One of the most helpful pieces of advice I've received that helped me battle perfectionism is to never apologize for a culinary mistake. This may sound contrary to what it means to be a hospitable hostess, so let me explain. When we apologize for part of a meal that is still good but not up to our standards (some of which are still stained by perfectionism), we are actually stealing the potential enjoyment that our guests would otherwise experience. The fact is, most of the time guests are so focused on the moment, so grateful to get away from the daily grind and to relax, that they don't notice culinary shortcomings. So by apologizing, we are pointing out things that most people wouldn't even notice. And if they do notice it, most really don't think it's a big deal. Oftentimes, pointing out a defect in a meal is more about us and not about our guests at all.

Years ago we invited two couples and their kids to come to our house for dinner for the first time. I was going to wow them, really show them what a great hostess I was even as I greeted them at the front door with our two toddlers and six-month-old underfoot. I'm sure I even declined their offer to bring part of the meal, because again, I was prideful in having to do it all.

During this particular meal I served chicken divan, a very simple, crowd-pleasing dish you can prepare the night before and then pop in the oven shortly before it's time to serve.

I should have put my pride away before I opened the front door that night. I was nervous and excited at the same time. But I put too much into my own human efforts, trying to make things too perfect. It added the weight of the evening on my shoulders, as if it were all about me, instead of allowing an authentic experience to unfold. I really needed to remove myself and let the night flow without involving my pride.

When I served the meal that night, complete with rice and broccoli on the side, I was so proud of how beautiful the plate looked. Adding a twig of rosemary to the dish made it appear restaurant-worthy. I just knew the tender, mouth-watering chicken would melt in my guests' mouths.

After everyone was served, I sat down with a sigh of relief. Yes! I did it! But then I cut into my chicken and saw pink—pink meant raw! I forgot to precook the chicken! How did I miss this small detail when I'd cooked this recipe so many times before?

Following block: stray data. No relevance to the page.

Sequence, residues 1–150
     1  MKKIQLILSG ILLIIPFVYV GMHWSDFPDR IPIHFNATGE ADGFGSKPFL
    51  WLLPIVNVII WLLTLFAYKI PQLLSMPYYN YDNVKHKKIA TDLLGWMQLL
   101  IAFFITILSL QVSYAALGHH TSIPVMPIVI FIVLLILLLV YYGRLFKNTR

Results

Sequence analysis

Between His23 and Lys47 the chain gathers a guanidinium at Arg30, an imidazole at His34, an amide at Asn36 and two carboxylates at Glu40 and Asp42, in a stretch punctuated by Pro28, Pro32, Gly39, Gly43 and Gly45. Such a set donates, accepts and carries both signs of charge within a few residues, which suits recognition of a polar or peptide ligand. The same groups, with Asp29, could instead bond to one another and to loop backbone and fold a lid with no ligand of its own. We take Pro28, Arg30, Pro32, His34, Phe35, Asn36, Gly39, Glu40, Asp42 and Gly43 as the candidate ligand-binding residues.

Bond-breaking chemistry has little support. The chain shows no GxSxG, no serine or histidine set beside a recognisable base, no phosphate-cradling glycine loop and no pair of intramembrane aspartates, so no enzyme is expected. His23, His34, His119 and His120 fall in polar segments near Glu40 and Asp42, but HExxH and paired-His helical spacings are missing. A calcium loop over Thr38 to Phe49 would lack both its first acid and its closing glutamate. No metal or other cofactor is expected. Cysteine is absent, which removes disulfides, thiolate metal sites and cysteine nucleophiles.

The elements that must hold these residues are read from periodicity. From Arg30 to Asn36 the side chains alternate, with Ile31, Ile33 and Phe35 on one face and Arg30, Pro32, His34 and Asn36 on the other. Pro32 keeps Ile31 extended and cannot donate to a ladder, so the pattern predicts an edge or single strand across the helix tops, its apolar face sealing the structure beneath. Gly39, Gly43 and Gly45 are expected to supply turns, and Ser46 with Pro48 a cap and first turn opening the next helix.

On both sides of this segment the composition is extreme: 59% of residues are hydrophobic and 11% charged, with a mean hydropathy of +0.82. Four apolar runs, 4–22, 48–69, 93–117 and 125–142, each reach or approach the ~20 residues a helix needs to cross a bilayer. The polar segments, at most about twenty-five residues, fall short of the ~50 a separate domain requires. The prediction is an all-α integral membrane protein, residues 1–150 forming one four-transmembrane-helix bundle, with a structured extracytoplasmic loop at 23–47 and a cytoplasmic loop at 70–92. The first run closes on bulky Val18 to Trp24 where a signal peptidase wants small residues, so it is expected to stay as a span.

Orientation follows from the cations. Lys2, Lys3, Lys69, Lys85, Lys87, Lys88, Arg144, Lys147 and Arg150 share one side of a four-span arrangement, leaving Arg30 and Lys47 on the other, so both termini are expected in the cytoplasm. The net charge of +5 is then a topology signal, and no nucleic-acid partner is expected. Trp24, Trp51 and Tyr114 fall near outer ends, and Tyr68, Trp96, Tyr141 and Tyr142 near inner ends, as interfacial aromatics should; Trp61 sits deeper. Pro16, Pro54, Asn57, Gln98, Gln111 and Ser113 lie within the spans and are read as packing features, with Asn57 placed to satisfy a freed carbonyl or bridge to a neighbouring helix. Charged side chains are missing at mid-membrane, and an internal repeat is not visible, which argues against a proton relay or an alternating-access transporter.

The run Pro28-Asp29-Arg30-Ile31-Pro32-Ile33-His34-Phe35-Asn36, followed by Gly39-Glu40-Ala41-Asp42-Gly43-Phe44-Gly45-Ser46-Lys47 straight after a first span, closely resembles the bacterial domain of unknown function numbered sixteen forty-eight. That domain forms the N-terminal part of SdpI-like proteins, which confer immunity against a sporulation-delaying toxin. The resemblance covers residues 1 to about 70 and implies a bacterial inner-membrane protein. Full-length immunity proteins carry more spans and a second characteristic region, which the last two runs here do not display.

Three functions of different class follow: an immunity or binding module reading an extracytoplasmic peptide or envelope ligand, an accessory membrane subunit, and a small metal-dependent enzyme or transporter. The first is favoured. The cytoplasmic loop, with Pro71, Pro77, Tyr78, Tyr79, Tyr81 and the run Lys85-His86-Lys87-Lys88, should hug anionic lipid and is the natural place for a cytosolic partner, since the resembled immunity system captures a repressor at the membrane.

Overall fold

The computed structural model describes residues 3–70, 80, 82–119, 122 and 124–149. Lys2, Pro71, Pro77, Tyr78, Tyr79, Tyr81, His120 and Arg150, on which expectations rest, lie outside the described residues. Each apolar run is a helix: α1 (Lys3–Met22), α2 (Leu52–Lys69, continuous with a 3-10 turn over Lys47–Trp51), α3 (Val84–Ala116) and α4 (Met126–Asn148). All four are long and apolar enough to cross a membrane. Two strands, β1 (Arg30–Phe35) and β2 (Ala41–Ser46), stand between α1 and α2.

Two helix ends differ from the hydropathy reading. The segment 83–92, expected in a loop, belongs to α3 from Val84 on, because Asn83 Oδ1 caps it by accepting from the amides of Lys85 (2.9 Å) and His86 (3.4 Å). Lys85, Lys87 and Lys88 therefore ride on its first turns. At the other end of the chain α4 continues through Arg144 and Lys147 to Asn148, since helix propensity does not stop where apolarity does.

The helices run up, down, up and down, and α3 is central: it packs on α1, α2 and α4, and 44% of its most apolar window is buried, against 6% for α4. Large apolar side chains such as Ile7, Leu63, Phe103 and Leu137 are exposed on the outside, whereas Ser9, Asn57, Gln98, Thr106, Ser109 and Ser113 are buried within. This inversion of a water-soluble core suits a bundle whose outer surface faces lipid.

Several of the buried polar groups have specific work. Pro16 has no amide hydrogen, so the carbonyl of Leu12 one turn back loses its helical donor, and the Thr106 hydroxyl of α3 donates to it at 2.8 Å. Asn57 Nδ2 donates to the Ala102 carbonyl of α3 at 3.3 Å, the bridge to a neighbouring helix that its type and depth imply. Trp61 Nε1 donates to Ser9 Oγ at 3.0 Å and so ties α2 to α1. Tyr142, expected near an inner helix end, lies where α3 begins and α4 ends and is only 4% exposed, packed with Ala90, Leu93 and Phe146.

I was mortified and apologized over and over. I quickly and even aggressively gathered all the plates back into the kitchen. My husband was clued in to what happened—the sharp look in my eye was hard to miss— and he helped me out. We nuked each plate and re-served the guests in a not-so-happy manner.

I was embarrassed and sick inside. What did I learn? To check your food before you serve it? Sure. But also to realize mistakes happen and to go with the flow. And that a microwave is a hostess's best friend. But I learned something more. By profusely apologizing, I made a not-so-bad situation even worse. I sucked the joy from the room that evening. The lighthearted mood became overshadowed by a negative spirit just like that.

Perfectionism Fosters Loneliness and Isolation

There is a deeper reason why it's imperative that we combat perfectionism in our lives. When we strive to make hospitality perfect instead of excellent, we isolate ourselves from others. Perfectionists have a hard time making and keeping friends. They are not very happy because they know they will never be able to live up to their own unrealistic expectations. And our unrealistic expectations can actually hurt those around us, because they feel they can never measure up.

My parents were good role models. Our home did not have to be perfect before they invited people in. And they always included my sisters and me by having us help get ready, cook, and set the table—mistakes and all. We witnessed the benefits and happiness that living a hospitable life brought to our parents. Their happiness did not revolve around perfection. It was a matter of the heart.